Additionally, any value below curve 92 may be produced by repetitive on/off engagement of clutch 12.
Rotors 70 and 80 have sufficient angular momentum such that they will not slow down to a stop for several seconds upon disengagement, depending, of course, upon the size of rotors 70 and 80 and the speed at which they are disengaged. Thus, appropriate programming of microprocessor 65 to control pump 60 and clutch 12 can produce smooth cyclic engagement/disengagement of system 10 to produce values below curve 92.
Assuming that the components are sized to produce the values shown in FIG. 2, the gear train, dual rotor, pump combination and microprocessor 65 work as follows:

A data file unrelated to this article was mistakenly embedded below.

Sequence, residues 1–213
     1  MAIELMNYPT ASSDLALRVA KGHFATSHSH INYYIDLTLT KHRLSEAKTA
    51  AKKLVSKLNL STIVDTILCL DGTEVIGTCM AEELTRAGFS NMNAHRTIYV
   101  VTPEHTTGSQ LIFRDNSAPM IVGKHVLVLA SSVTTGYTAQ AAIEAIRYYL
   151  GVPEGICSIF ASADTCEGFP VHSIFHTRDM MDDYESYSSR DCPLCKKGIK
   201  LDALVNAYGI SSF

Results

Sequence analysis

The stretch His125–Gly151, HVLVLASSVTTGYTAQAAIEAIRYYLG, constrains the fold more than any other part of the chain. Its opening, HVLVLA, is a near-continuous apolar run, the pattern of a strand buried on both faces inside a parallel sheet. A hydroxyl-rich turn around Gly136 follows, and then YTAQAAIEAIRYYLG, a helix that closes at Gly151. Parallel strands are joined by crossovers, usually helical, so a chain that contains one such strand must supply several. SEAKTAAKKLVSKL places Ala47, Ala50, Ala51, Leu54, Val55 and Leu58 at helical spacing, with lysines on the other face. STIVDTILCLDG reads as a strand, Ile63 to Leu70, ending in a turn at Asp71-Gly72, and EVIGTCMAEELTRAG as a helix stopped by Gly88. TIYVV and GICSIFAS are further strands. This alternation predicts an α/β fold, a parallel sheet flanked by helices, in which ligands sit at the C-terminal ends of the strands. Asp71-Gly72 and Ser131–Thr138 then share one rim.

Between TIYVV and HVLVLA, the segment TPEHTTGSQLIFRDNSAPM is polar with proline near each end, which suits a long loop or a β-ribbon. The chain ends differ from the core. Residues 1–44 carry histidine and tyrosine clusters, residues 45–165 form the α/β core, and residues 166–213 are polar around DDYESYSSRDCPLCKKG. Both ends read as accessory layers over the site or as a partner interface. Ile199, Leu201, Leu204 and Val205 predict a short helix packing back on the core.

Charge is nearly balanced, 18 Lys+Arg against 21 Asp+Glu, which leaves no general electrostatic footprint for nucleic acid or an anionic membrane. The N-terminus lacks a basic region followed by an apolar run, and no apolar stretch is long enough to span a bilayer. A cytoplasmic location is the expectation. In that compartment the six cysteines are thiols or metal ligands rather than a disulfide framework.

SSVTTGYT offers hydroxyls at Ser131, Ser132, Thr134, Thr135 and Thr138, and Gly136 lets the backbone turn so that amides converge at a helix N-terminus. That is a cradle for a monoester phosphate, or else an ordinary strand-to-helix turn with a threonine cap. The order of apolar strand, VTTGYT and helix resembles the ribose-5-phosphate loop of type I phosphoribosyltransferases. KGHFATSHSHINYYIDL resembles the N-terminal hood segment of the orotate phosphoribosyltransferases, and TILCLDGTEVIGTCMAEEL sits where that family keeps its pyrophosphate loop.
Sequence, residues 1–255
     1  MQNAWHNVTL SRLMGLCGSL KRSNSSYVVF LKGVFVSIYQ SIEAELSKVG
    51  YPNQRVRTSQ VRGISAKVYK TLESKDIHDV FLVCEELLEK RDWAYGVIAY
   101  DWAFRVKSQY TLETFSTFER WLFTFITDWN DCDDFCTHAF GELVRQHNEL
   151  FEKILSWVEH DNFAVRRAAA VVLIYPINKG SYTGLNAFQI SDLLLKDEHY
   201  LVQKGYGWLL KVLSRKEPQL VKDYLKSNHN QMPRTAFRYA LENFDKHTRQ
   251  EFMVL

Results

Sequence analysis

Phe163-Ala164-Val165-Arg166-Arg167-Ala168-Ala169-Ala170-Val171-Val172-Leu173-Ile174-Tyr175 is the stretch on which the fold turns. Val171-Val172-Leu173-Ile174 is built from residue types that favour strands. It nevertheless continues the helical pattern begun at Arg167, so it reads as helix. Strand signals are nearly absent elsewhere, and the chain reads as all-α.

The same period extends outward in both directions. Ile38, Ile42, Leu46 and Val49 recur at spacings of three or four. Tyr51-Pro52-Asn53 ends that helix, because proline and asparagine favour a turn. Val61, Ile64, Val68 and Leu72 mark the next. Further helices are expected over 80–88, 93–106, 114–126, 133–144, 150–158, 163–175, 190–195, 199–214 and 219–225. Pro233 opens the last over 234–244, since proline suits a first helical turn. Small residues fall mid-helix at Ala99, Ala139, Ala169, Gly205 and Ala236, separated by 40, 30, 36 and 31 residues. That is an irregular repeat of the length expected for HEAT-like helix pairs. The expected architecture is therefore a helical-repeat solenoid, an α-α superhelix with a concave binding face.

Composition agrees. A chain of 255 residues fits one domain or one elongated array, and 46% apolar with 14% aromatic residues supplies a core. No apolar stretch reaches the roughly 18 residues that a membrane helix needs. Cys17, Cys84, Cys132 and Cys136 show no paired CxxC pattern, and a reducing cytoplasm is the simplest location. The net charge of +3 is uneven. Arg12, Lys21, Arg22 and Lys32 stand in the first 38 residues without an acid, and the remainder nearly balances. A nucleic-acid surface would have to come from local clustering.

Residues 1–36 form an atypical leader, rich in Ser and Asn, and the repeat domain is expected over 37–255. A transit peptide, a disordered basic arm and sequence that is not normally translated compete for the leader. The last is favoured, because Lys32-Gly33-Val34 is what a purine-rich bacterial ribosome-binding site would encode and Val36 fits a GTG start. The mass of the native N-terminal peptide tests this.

For vehicle speeds between 0 and 40 mph, engagement of retarder system 10 produces a braking force, shown by curve 90, with a maximum braking force of 5,000 lbs. (point 94). Speed sensor 67 relays signals corresponding to the input speed of 40 mph or less to microprocessor 65 which then commands pump 60 to completely preclude rotation of pinion 45, and thus rotor 80. The braking force of retarder system 10, as a function of mph, will be produced solely by rotor 70 and will be along curve 90. Addition of a second pump 20 (described herein) could be added to maintain a maximum braking force for speeds below 40 mph.